Songs about Napoleon – in particular, heroic songs about Napoleon – are one of the curiosities of the English traditional repertoire: he was, after all, somewhere between Osama bin Laden and Hitler in terms of the threat he seemed to pose to Britain. (This song has an odd gear-change in the final verse, where the anonymous author seems to have decided he needs to emphasise his patriotic credentials.) I don’t think this is about folk radicalism, with singers essentially backing Boney against the British ruling class; it’s a nice idea, but there doesn’t seem to be much evidence in the songs. I suspect it was just the appeal of a good story – and Napoleon did have a really good story.
This song is a bit of an oddity in itself. It’s very “written” in style, taking quite an effort to learn and sing – I’ve seen several broadside copies, all pretty much identical, which suggests that it started as a broadside ballad and never went much further. On the other hand, the repeating final line of each verse makes no sense at all, and appears to be an oral-tradition mangling of the tag of an earlier song, The Grand Conversation Under The Rose. The tune is interesting, too; it seems to be related to the “Magpie’s Nest”/”Cuckoo’s Nest” family of dance tunes, and perhaps to the Liverpool Hornpipe. I’ve appended the tune of “The Bedmaking” – another “Cuckoo’s Nest” variant – to show how many similarities there are between two apparently very different tunes. This song also has the great merit of introducing the songs I’m going to be putting up over the next two weeks, in most cases by name!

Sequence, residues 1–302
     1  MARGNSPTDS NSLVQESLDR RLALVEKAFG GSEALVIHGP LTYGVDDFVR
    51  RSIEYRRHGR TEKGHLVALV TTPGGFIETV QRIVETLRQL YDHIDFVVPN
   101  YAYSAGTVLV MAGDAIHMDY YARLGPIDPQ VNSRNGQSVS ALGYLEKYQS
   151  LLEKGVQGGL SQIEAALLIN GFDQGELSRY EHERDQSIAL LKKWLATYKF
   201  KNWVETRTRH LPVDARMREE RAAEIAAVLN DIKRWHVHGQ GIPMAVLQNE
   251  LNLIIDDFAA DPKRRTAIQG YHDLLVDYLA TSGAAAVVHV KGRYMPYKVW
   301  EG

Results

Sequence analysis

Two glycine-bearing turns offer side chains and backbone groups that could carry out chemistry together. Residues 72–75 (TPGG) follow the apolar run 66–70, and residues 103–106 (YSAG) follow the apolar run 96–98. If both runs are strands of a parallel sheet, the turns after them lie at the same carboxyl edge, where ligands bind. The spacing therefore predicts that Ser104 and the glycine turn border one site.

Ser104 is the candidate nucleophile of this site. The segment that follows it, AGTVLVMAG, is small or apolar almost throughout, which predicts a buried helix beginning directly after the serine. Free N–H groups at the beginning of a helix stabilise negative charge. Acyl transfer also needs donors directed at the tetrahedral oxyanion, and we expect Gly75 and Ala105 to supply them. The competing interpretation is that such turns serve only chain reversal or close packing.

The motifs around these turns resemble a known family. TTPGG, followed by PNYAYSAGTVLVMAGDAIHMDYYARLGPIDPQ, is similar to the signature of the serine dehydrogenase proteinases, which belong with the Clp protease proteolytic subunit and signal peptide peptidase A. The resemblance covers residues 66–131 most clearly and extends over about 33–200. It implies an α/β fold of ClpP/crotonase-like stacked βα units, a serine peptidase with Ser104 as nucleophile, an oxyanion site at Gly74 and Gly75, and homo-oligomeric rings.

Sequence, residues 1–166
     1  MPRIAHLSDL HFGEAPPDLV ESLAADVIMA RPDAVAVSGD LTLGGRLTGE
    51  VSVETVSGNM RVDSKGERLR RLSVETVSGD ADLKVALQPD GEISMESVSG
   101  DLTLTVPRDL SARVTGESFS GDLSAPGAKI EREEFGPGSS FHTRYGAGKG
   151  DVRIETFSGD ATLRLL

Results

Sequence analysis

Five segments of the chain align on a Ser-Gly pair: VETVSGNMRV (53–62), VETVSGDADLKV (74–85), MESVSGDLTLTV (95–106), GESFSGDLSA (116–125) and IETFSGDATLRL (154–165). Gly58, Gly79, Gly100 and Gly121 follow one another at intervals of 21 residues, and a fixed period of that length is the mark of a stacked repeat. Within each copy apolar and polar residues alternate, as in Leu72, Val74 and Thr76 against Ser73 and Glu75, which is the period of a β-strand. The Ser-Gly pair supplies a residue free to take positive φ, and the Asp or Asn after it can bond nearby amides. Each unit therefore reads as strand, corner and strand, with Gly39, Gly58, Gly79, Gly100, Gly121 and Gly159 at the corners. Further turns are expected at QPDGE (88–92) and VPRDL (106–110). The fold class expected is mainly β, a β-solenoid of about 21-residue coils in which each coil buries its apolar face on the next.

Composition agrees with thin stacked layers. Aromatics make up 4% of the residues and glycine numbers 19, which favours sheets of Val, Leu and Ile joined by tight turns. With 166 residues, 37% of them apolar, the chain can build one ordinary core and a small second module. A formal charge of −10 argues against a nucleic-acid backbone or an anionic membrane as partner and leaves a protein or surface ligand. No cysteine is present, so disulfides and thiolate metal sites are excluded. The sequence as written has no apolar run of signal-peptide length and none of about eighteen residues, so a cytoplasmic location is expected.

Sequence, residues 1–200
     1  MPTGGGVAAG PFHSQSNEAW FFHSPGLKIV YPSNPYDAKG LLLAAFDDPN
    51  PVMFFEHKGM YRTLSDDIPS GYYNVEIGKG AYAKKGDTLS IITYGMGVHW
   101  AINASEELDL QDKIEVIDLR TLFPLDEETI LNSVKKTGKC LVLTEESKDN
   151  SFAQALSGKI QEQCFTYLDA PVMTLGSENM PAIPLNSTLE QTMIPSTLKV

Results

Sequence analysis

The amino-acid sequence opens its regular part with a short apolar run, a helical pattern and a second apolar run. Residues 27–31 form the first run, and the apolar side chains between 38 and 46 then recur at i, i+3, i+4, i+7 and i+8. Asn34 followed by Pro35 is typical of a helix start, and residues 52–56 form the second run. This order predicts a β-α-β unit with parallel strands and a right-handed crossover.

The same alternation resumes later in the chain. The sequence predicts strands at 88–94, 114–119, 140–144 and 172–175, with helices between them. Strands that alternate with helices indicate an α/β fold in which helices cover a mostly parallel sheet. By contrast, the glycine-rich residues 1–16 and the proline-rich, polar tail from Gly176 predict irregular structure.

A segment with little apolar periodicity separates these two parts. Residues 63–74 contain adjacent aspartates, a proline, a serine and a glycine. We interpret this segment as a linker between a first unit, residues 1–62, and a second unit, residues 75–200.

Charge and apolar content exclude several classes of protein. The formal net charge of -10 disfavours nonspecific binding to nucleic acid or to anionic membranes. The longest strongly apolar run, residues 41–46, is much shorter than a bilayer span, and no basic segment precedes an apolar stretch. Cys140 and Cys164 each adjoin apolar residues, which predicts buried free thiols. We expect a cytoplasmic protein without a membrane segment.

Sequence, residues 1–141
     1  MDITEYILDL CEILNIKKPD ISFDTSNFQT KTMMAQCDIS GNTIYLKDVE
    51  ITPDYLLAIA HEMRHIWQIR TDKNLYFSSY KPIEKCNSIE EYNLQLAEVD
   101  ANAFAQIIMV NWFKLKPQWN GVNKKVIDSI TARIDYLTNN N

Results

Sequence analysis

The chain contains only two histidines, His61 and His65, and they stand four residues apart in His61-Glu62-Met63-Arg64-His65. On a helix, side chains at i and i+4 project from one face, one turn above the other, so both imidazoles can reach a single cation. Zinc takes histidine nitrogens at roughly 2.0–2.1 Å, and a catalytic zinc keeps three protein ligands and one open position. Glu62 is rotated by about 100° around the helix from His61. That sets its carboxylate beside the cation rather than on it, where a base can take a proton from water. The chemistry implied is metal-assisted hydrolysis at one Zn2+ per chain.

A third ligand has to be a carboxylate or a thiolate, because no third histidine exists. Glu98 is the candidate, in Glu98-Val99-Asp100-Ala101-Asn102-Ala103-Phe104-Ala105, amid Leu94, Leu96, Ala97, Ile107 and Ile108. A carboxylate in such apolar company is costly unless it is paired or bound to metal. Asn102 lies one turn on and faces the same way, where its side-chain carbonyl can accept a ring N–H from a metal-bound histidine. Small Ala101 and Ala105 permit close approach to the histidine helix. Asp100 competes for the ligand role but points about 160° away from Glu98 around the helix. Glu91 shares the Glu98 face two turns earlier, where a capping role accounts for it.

My interpretation is after Tony Rose, although with the hornpipe-ish timing of the original dance tune brought more to the fore. I play the tune here on the flute; it’s not my favourite folk instrument, but it does have the great virtue of being chromatic – which is handy when you’ve got a tune that wavers between the keys of G and F. Drone by Bontempi, as always; no post-processing apart from edits and looping.